CSOs, CBOs and community groups have a basic understanding and knowledge in data management CSOs are better able to collect relevant and timely data from government agencies CSOs have the required skills to analyse data CSOs use available evidence in for effective L&A activities Well capacitated and resourced CSOs will effectively influence WASH and IWRM prioritisation, service delivery and demand for accountability and transparency from duty bearers


Government (Ministries and agencies) conducts periodic monitoring and make water quality data/information accessible

CSOs empower community groups to make clear demands for improvement in WASH and IWRM services at the local level Empowered citizens voice for improved sustainable WASH and IWRM services delivered by duty bearers Empowered citizens and CSO partners demand accountability from duty bearers CSOs hold WASH and IWRM state institutions accountable based on their mandate
Build capacity of Partner CSOs in budget analysis, tracking and reporting CSOs know how to track budget vs results and produce shadow reports, and hold duty bearers/DAs accountable CSOs constantly tracks investment commitments addressing WASH issues CSO partners engage the MSWR and the Parliamentary Select Committee over the budget allocation and disbursement for the WASH sector WASH and WRM funding are increased to meet set targets.
Strengthen capacity of CSOs to increase understanding on integration of WASH and WRM Increased and common understanding on (I)WRM – WASH integration among participating CSO members Increased capacity on (I)WRM – WASH integration among Partner CSOs CSOs can advocate for (I)WRM integration at both national and district levels  



The Watershed Ghana team consisted of four partners that are the followings:

  1. IRC led partners in the Watershed Ghana project. It is the knowledge development partner responsible for providing content and capacity development support on implementation elements related to sustainable WASH services, particularly WASH budgets and public finances.
  2. Simavi played a successful role in the implementation of Watershed project in Ghana. The organisation strives for a world in which all women and girls are socially and economically empowered to pursue their rights to live a healthy life free from discrimination, coercion and violence.
  3. Wetlands International fully participated as key partnerin the Watershed Ghana project. It is responsible for implementation, providing scientific and technical support for use and conservation of wetlands.
  4. Akvo Foundation led monitoring, evaluation and learning activities for the project. Akvo introduced technology solutions in the project to capture project data and information sharing. It is also responsible for supporting landscape partners in their efforts towards process documentation and to generate reliable evidence for advocacy.


Key stakeholders involved in the Watershed project in Ghana were:

  • Water Resources Commission (WRC) in Ghana
  • Ministry of Water Resources Works and Housing (MWRWH),
  • Ministry of Local Government and Rural Development (MLGRD),
  • Ghana Water Company Ltd. (GWCL),
  • Community Water and Sanitation Agency (CWSA)
  • Members of the Coalition of NGOs in Water and Sanitation (CONIWAS),
  • Water, Sanitation, and Hygiene (WASH)
  • Journalists Network, and several other NGOs,
  • Civil Society Organisations (CSOs),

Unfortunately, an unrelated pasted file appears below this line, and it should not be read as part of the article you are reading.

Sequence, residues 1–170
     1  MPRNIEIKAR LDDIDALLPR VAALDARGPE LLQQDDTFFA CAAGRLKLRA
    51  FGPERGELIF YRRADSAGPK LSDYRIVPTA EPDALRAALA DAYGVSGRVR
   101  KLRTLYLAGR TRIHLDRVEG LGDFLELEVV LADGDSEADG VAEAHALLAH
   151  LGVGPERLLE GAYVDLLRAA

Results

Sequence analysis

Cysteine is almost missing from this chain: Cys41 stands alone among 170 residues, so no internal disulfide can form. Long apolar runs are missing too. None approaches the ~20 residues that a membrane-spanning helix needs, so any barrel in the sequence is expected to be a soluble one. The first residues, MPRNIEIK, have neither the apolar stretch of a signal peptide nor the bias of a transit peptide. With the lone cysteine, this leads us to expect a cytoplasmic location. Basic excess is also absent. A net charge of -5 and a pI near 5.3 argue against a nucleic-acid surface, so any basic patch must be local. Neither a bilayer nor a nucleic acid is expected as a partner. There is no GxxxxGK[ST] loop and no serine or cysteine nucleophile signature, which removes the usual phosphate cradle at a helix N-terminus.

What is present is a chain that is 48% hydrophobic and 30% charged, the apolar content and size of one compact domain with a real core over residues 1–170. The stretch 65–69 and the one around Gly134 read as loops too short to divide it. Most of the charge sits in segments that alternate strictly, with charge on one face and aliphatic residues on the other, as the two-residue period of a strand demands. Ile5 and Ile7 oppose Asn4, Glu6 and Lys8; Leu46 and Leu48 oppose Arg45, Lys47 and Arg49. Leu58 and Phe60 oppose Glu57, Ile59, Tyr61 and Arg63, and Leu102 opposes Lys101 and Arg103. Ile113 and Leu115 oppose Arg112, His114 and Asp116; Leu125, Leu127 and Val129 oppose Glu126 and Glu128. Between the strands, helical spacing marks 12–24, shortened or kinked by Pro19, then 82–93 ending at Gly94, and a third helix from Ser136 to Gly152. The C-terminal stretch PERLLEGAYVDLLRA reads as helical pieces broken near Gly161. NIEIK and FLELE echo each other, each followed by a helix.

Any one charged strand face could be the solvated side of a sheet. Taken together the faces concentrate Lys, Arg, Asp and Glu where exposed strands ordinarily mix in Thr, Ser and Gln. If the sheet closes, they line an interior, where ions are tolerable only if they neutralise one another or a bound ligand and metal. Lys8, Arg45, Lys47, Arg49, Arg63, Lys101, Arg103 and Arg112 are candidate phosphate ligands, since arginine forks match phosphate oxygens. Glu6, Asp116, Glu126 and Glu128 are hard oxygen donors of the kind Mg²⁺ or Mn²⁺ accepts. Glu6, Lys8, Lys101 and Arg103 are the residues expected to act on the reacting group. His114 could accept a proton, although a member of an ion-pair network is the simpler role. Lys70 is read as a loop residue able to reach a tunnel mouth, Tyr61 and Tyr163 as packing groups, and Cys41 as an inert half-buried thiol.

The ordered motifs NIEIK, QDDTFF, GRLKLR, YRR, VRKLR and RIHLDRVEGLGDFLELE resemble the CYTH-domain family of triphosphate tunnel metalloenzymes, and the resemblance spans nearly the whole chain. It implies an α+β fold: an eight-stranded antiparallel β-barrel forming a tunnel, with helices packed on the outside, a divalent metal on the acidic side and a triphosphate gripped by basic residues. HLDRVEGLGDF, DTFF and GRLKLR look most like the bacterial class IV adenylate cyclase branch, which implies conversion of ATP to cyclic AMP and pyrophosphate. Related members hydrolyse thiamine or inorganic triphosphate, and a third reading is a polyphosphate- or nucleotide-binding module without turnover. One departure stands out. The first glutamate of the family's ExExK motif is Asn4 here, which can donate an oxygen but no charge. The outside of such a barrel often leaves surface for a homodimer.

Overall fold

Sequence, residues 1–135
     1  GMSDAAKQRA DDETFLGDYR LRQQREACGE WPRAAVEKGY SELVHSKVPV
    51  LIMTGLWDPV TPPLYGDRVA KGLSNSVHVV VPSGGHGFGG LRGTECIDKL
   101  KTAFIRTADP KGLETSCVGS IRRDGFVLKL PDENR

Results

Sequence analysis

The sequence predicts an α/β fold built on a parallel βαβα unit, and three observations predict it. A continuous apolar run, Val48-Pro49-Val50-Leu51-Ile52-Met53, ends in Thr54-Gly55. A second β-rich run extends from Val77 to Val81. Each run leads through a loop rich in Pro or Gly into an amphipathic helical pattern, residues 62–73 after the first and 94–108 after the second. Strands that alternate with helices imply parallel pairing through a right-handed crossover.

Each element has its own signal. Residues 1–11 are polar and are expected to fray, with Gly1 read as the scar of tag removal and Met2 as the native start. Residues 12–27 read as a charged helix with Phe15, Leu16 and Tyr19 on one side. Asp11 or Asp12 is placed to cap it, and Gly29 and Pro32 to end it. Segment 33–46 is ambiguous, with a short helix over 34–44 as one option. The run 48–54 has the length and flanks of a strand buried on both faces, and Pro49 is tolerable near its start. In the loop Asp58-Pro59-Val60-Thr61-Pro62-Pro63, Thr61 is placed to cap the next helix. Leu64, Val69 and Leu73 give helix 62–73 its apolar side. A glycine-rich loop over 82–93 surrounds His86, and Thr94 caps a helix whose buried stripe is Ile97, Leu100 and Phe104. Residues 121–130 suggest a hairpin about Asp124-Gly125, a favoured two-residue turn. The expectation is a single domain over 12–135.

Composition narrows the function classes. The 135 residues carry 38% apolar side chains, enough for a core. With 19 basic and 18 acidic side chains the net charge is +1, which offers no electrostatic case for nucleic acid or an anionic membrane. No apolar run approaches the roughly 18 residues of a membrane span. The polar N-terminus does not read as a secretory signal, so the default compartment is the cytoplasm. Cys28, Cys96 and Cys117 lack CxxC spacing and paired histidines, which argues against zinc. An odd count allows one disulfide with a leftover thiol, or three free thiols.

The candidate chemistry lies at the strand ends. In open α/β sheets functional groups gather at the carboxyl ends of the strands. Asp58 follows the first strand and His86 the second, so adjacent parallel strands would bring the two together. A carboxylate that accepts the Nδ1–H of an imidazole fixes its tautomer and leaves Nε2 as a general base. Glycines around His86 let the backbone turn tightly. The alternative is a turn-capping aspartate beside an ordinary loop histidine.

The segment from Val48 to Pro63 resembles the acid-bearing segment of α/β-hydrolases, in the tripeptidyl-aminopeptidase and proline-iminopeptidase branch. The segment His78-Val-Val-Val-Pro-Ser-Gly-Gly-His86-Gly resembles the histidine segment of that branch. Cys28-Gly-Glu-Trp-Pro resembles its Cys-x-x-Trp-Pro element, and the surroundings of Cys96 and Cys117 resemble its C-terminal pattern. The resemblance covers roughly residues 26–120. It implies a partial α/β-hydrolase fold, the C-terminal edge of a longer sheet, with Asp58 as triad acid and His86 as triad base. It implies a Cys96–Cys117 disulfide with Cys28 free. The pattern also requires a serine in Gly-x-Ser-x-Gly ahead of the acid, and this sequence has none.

• Private private
  • Donor

Like in many african countries, Ghana's population was facing several problems in the WASH and WRM areas. The Watershed project Ghana was implemented based on the strategic observations in the WASH and WARM areas. The following observations were stated as the followings:

  • Failure to fulfil WASH Commitments: The Government of Ghana (GoG) has made series of commitments such as Ghana Sanitation and Water for All (SWA) Compact, eThekwini, Sustainability Compact, and more recently, the Sustainable Development Goals (SDGs), which are expressed in national policies. The level of fulfilment is hardly tracked, especially by CSOs.
  • Weak CSO Capacity for L&A: The presence of CSO coalitions and networks such as CONIWAS and the Ghana WASH Journalists Network (WASH JN), have presented a major opportunity for WASH L&A. However, their current level of engagement in lobby and advocacy is weak.
  • Dismal Sanitation Coverage: There is a huge access gap in sanitation with current coverage (2015) being 15%. Intensive CSO L&A is critical in this subsector largely targeting stakeholders at both national and subnational levels covering key messages such as innovative financing, compliance with standards, and implication of poor sanitation on health, among others.
  • Weak Community WASH Management Structures: The water, sanitation and management teams (WSMTs) set up and trained at the community levels were ineffective or non-functional.
  • Poor regulation of Multiple Use: There were competing demands for water which are presently not very well managed and are leading to water conflicts. For the Watershed programme multiple-level advocacy is required such as local and national level dialogues.
  • Absence of Sustained Community Engagement with Local Governments: Communities lacked capacity to engage with the local duty-bearers.

In the above context, the Watershed Ghana project provided an agenda to positively change the map in WASH and WARM to better help all the stakeholders in implementing L&A activities and the political will of the government policies and programmes.

The Watershed programme promotes “ evidence based advocacy” for improved WASH services and IWRM. All data collected within the programme are directed towards building evidence that supports lobby and advocacy initiatives in the projects. Data collection in Watershed Ghana was a continuous process where both Secondary and Primary data was collected, collated, analysed and disseminated to further the project advocacy objectives.

Please find below the latest project updates from team members of the Watershed Ghana consortium.